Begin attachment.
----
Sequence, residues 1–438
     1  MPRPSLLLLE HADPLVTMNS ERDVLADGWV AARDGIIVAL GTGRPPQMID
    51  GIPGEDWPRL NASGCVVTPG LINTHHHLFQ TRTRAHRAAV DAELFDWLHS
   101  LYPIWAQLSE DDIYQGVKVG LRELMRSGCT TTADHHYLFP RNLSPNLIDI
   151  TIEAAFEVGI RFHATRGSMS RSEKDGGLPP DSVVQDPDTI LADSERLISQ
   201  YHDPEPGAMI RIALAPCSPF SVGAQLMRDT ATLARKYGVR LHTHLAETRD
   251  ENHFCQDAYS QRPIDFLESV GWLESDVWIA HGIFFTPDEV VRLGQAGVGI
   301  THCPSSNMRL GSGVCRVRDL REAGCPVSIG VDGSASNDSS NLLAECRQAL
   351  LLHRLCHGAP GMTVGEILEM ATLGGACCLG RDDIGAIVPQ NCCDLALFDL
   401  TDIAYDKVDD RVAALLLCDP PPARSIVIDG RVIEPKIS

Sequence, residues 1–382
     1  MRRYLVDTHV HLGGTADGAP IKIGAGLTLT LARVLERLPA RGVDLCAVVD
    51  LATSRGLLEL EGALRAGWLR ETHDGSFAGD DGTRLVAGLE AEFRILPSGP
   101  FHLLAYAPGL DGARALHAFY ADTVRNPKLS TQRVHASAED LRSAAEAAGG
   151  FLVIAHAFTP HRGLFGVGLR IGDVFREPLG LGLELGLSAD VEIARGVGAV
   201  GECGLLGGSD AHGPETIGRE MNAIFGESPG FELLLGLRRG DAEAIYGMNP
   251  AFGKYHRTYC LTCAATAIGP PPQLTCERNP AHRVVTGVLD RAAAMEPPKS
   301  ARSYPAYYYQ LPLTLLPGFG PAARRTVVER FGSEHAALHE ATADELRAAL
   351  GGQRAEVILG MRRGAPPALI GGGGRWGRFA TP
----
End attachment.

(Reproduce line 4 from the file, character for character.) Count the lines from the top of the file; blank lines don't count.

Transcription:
   101  LYPIWAQLSE DDIYQGVKVG LRELMRSGCT TTADHHYLFP RNLSPNLIDI